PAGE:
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TEMPLE TERRACE -- Cori Lynn McCumber spends most of her free time in her new bedroom.
At 10, she's the proud owner of a jingly new charm bracelet, a guinea pig named Angel and her own computer, which she uses to write short stories for her fourth-grade English class at River Hills Elementary School.
"I like to make things up about my life," Cori Lynn explains.
Cori Lynn's bedroom is extremely cool. The walls are painted with big leafy trees and bright, happy parrots and toucans. Faux jungle vines twirl across the headboard, desk, chair and dresser. The colors run from brown to minty green with musical splashes of pink, purple and yellow.
The guinea pig lives in a cage next to the bed. Stuffed monkeys hang by long furry tails from a fake tree branch.
Cori Lynn won the bedroom in a drawing at Shriner's Hospital on Nov. 6. She has been an outpatient at the hospital since doctors discovered a shadow on a hip X-ray about six years ago. She has since outgrown a disorder that caused her pain and made her limp, says her mother, Diana McCumber, who owns a hair salon in Temple Terrace.
The day of the drawing was Cori Lynn's birthday. What a day.
"I was so excited," she says.
For the new bedroom, two artists from Wacky World Studios in Oldsmar -- which donated their decorating services -- spent three days making the interior look like a Tarzan movie set.
Cori Lynn remembers it well.
"I kept running in and looking at what they were doing," she says.
The bedroom was finished two months ago. Since then, Diana McCumber has noticed her daughter spending more and more time in it.
She knows that Cori Lynn is at an age where she's "crossing a bridge." In fact, they were given a choice of bedroom themes. Both mother and daughter opted for a jungle over a more girly princess look.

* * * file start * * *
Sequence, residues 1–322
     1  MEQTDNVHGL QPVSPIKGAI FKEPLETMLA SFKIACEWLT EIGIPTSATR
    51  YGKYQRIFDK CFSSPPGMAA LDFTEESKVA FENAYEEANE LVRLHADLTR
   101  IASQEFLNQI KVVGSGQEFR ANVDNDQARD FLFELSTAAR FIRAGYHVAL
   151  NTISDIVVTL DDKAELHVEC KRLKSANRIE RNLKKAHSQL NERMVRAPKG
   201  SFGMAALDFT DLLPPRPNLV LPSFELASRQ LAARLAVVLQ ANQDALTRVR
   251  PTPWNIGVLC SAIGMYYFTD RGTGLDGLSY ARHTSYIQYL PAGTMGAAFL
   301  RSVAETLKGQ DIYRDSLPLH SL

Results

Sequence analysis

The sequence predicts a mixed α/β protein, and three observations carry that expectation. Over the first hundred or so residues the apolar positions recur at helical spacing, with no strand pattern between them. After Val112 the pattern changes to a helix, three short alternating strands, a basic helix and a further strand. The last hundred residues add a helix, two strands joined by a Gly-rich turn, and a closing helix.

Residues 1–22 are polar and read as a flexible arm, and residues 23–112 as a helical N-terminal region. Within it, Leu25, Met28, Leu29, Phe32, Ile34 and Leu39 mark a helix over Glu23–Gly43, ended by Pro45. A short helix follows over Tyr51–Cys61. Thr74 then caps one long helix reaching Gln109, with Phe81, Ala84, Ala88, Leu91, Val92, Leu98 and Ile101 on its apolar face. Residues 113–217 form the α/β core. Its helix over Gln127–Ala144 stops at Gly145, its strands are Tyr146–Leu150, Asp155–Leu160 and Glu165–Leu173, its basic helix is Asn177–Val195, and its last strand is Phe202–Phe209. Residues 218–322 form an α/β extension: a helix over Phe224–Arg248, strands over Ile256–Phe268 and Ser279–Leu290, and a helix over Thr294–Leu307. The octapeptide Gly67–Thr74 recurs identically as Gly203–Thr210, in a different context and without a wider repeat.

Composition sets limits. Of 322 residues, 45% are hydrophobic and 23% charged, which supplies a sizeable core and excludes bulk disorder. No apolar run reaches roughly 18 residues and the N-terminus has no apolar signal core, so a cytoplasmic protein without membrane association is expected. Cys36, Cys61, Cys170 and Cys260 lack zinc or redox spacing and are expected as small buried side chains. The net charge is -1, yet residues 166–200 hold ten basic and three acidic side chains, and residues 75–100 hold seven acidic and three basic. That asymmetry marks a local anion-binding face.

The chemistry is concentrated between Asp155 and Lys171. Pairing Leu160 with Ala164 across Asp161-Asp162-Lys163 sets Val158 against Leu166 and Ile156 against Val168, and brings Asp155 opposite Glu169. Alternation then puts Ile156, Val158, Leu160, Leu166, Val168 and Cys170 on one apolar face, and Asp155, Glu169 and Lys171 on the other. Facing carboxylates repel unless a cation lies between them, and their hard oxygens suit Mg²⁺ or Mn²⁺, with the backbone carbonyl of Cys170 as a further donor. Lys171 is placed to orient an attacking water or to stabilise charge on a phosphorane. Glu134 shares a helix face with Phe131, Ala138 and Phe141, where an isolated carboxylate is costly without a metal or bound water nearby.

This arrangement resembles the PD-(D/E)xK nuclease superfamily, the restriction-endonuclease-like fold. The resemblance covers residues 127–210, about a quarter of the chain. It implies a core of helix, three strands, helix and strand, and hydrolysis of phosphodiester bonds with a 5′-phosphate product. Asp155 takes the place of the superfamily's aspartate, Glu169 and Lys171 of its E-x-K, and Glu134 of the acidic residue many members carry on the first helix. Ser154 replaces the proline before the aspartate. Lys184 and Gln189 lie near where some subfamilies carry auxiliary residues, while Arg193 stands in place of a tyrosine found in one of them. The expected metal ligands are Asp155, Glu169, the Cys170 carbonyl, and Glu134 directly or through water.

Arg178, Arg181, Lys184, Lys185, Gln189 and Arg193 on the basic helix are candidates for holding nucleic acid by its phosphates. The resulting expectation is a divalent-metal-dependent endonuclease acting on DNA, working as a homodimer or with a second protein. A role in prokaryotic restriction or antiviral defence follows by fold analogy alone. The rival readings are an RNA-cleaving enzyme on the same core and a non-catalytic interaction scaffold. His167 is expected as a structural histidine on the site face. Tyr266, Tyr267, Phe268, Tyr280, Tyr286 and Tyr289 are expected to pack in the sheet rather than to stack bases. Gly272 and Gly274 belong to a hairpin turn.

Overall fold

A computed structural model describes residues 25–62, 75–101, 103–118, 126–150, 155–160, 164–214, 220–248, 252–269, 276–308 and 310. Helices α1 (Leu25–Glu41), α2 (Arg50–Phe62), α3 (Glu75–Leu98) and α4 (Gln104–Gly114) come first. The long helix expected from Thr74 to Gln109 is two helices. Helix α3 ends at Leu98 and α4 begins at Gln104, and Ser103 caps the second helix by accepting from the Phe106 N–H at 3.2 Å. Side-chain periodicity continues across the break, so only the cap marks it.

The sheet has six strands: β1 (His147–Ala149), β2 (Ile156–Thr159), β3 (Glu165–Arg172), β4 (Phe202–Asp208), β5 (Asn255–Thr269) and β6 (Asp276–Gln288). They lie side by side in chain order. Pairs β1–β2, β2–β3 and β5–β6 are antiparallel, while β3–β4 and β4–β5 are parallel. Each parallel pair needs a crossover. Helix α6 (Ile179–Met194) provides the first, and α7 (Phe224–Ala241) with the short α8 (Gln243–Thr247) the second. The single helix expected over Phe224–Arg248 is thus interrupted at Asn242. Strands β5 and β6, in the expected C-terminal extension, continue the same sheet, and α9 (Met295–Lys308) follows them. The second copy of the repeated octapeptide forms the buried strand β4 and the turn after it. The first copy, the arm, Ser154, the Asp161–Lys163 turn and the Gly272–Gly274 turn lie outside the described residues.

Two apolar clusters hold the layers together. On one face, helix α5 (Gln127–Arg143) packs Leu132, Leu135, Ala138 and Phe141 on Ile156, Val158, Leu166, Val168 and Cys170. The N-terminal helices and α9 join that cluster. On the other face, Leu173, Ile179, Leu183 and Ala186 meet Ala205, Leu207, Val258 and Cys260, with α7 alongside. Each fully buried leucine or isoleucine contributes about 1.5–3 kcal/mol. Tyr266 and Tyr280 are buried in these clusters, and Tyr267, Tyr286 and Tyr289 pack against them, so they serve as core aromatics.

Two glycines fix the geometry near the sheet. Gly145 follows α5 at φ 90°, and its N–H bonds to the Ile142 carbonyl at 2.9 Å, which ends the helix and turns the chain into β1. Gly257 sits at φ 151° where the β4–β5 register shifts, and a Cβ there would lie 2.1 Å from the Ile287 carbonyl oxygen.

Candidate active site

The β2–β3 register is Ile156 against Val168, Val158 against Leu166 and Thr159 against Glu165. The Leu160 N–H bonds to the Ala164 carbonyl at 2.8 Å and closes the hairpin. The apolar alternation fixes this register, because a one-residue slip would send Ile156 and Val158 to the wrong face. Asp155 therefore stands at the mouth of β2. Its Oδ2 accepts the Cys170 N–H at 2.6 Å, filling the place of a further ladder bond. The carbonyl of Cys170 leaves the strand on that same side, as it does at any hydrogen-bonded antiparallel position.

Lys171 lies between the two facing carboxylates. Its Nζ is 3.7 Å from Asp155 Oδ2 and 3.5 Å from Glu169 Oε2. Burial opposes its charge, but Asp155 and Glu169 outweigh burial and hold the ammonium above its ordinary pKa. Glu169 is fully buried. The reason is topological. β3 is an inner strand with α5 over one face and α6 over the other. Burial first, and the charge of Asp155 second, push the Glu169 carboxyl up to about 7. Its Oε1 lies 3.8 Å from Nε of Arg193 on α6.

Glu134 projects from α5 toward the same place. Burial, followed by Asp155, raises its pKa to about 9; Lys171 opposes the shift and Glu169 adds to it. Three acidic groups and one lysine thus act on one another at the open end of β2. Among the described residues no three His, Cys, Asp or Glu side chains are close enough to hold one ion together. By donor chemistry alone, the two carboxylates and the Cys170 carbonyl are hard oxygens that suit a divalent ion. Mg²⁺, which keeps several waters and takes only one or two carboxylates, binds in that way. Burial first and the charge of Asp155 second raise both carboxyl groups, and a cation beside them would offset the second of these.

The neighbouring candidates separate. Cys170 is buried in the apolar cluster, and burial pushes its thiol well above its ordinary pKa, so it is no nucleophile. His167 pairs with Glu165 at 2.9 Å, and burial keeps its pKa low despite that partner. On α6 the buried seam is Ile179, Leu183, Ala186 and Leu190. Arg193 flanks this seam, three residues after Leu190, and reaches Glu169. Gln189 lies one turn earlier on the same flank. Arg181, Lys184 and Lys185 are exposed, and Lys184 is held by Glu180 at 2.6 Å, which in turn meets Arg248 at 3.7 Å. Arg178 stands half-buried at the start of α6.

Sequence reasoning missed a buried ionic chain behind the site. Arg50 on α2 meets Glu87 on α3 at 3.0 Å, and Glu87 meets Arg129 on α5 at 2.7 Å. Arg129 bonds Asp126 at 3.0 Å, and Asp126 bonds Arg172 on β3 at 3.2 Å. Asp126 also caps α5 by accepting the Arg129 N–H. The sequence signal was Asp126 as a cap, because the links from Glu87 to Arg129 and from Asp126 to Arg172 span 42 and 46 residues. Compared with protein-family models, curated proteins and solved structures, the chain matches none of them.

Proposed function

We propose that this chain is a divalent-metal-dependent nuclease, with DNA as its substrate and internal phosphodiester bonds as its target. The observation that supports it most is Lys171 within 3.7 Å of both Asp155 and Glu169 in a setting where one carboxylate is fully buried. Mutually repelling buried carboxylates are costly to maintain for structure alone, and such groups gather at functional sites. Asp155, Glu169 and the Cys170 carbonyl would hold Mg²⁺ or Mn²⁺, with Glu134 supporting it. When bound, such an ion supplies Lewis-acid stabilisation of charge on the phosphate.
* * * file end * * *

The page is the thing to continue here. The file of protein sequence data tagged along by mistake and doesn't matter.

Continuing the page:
"She can grow into this," Diana McCumber says. "She'll still like it when she's a teenager."
Cori Lynn's "Dollie," a bedraggled stuffed toy that her Grandma Nonnie gave her when she was a baby, still sits in the place of honor on the silver bedspread.
But Highlights for Children is stacked alongside a copy of YM magazine. She keeps her room meticulously neat. And she has demands.
"I want my own phone line," Cori Lynn says.
"No way," says Diana McCumber.
Every time she peeks in, Cori Lynn is at the new little computer desk, writing.
"She's starting to think more on her own," the mother says.
Some parents spend money on rooms that are pretty but not designed for imagination. No room to play. Too little storage. That's not a problem in Cori Lynn's new room. There's space in the closet for toys she's outgrown. And she flexes her imagination at the jungle-vine computer desk, where on a recent morning she taps out a short story.
"In my story," she explains, "we all go to the beach: my parents, me, our friends. Someone is drowning, and you know what? I save them."
She prints out a copy and hands it to me.
Another story simmers. A story about Angel, the guinea pig. He thinks he's a rabbit, she confides. She lifts Angel out of his cage and wraps him in a blanket. He sighs and makes little squeaking sounds of contentment. Cori Lynn rocks him back and forth, humming a little, making up another story in her head.
Cori Lynn's stories are always changing.
In her room to grow up in.